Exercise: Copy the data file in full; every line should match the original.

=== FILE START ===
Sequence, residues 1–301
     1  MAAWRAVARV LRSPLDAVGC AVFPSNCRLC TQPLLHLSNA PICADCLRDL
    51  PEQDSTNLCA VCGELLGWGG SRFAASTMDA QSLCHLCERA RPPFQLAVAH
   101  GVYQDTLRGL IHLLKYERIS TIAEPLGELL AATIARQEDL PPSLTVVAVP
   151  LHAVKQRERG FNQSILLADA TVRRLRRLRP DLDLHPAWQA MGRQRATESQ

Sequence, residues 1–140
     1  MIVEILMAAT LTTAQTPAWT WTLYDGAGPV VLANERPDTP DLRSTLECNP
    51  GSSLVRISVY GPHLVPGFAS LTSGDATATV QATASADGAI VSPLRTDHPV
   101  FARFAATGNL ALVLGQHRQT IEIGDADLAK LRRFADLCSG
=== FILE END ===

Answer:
Sequence, residues 1–301
     1  MAAWRAVARV LRSPLDAVGC AVFPSNCRLC TQPLLHLSNA PICADCLRDL
    51  PEQDSTNLCA VCGELLGWGG SRFAASTMDA QSLCHLCERA RPPFQLAVAH
   101  GVYQDTLRGL IHLLKYERIS TIAEPLGELL AATIARQEDL PPSLTVVAVP
   151  LHAVKQRERG FNQSILLADA TVRRLRRLRP DLDLHPAWQA MGRQRATESQ

Sequence, residues 1–140
     1  MIVEILMAAT LTTAQTPAWT WTLYDGAGPV VLANERPDTP DLRSTLECNP
    51  GSSLVRISVY GPHLVPGFAS LTSGDATATV QATASADGAI VSPLRTDHPV
   101  FARFAATGNL ALVLGQHRQT IEIGDADLAK LRRFADLCSG